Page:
Jewish World Review July 13, 2001 / 22 Tamuz, 5761
http://www.jewishworldreview.com -- HERE’S a multi-million dollar idea for somebody -- do a Broadway musical based on that classic Fred Astair and Ginger Rogers film, “Top Hat.”
I just saw it again the other night. What a lot of fun! It’s got all the right elements for a hit New York show -- audience title recognition, romance, screwball mistaken-identity plot, meaty supporting characters, loads of dancing, and those great Irving Berlin songs like, “Cheek to Cheek,” “Isn’t This a Lovely Day to Be Caught in the Rain,” and “Top Hat, White Tie, and Tails.”
Of course, making a hit show out of a classic movie is easier said than done. For every “Forty-Second Street” success story there’s a dozen misfires like “Singin’ in the Rain,” which should have been a big hit on the stage and wasn’t.
To begin with, you’d better hire a couple of dynamite singer/dancers in the principle roles because they will definitely be compared to Fred and Ginger. Yes, Astair and Rogers were wonderful and unique, but I really believe that somewhere out there, there’s got to be a couple of talented performers who could pull this off today. Team them with a writer, a director and a choreographer with the right sensibilities and you’ve got the next Broadway smash.
But even a classic show with a great score and the right talent can fall on its face if the producers aren’t careful. The pitfalls are many. So many, in fact, that I’ve decided to list them -- just in case anyone might want to bring “Top Hat” to the stage in the foreseeable future. The following are a few things TO BE AVOIDED.
1. Nathan Lane. There’s no part for him in this show. Forget him.
2. Camping it up! The biggest mistake anyone can make is to spoof a spoof, and the movie was written as a screwball farce to begin with. The characters in the show are really supposed to believe in what they’re doing (no matter how wacky), so keep tongues out of cheeks and avoid the winks to the audience.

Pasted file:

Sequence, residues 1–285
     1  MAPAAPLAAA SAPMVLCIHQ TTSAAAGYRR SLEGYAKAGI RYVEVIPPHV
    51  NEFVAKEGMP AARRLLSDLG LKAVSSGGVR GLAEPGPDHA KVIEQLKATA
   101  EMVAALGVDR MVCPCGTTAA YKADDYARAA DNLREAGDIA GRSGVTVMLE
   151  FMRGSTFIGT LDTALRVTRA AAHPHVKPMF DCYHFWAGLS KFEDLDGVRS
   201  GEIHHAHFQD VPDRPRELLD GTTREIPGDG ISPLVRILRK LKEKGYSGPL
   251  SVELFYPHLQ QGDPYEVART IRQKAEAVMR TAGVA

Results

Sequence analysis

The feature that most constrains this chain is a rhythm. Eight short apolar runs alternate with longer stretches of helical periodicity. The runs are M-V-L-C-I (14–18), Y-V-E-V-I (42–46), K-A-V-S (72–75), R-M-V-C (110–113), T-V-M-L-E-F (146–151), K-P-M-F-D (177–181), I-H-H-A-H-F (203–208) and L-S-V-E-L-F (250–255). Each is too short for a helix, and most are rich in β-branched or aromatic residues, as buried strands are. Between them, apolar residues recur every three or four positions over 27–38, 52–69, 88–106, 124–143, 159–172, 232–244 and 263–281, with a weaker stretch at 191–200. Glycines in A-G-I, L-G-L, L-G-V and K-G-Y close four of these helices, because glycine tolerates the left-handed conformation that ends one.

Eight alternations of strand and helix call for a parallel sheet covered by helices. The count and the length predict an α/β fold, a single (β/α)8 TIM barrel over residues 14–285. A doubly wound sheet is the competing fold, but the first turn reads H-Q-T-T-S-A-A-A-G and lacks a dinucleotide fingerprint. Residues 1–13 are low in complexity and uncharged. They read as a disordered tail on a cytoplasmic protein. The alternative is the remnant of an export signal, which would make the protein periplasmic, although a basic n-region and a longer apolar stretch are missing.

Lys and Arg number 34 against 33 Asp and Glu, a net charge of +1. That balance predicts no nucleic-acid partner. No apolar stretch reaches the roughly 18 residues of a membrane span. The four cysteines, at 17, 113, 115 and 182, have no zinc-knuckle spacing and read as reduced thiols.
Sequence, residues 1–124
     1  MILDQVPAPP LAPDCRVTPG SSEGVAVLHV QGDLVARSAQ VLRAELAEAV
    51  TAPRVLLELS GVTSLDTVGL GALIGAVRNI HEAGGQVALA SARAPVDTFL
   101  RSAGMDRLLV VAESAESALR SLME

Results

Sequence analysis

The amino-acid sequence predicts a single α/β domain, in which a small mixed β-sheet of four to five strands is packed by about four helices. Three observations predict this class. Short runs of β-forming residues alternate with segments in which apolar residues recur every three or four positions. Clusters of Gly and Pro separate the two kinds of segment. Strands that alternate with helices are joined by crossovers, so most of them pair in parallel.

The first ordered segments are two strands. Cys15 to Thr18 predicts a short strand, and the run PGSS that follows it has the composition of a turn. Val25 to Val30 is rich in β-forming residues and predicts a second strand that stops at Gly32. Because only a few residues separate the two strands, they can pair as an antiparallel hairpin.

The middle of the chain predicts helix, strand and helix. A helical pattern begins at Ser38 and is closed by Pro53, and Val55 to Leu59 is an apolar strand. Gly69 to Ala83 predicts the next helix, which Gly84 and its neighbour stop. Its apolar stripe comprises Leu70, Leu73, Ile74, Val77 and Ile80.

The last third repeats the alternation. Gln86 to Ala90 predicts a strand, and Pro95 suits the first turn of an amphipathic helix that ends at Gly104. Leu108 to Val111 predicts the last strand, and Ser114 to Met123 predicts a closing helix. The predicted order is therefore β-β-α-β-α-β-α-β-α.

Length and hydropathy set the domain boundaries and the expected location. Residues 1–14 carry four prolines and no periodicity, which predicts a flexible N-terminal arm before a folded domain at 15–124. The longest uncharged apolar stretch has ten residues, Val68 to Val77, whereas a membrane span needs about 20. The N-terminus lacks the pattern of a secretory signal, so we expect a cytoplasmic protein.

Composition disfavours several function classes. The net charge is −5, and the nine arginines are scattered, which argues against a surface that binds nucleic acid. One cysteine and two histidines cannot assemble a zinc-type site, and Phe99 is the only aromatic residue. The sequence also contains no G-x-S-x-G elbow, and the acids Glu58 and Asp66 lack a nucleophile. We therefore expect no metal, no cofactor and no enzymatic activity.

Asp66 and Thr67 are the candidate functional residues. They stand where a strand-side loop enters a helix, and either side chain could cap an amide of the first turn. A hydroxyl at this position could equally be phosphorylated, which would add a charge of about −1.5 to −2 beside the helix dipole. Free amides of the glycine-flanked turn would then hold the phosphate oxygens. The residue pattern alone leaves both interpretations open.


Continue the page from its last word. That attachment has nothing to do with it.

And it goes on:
3. “Bringing it up-to-date.” The period (mid-thirties) is just about as important as any other element of the show. Keep it in its proper time frame. The one area that CAN go over the top is in the set design. Go ahead and exaggerate the art deco treatment in the sets. The film certainly did.
4. Nathan Lane. There’s no part for him in this show. Forget him.
5. Rewriting to appeal to a “younger audience.” This show, if done right, will appeal to all ages. Keep the show true to itself and its time by not pandering to today’s lowest common denominator. Using contemporary vernacular and /or attitudes is a great way to guarantee a flop, not to mention a tremendous waste of time. Anyone who thinks Eminum is an “artist” will likely never understand or appreciate Irving Berlin anyway.
6. Nathan Lane. There’s no part for him in this show. Forget him.
While I’m on the subject of Broadway musicals, is there anything that can be done, I wonder, to get the orchestra off the stage and back into the pit where they belong? The trend seems to be, especially in revivals, to bring the musicians on stage and in so doing, crowd the available stage area so there is very little room left for full sets.
I know it’s obscenely expensive to produce a traditional musical show these days, but turning out skimpy productions and charging full price for them is not the way to keep people happy and going to the theater. Sooner or later the public will wise up and start to feel that they’ve been “took.”
Speaking of being “took,” one other thing I don’t appreciate when I spend a fortune to see live theater is getting hustled for money between acts or after the show. If the actors want to put on a benefit for a particular charity, more power to them, but please tell me up-front that I’m attending a benefit performance, or that I am expected to make a donation above and beyond what I’ve already paid to see the show (which is usually considerable).
I really dislike being hustled and when the star of the show walks out on stage and, out of a clear blue sky, asks me to give money in the lobby to one of her pet causes, I feel like I’m at one of those week-end scam deals where they pressure you to buy a time-share condo in Idaho or something. It kinda kills the whole theater experience for me.
Come to think of it, I take back everything I said about wanting to see “Top Hat”
done on stage. I’ll just rent the
JWR contributor Greg Crosby, former creative head for Walt Disney publications, has written thousands of comics, hundreds of children's books, dozens of essays, and a letter to his congressman. You may contact him by clicking here.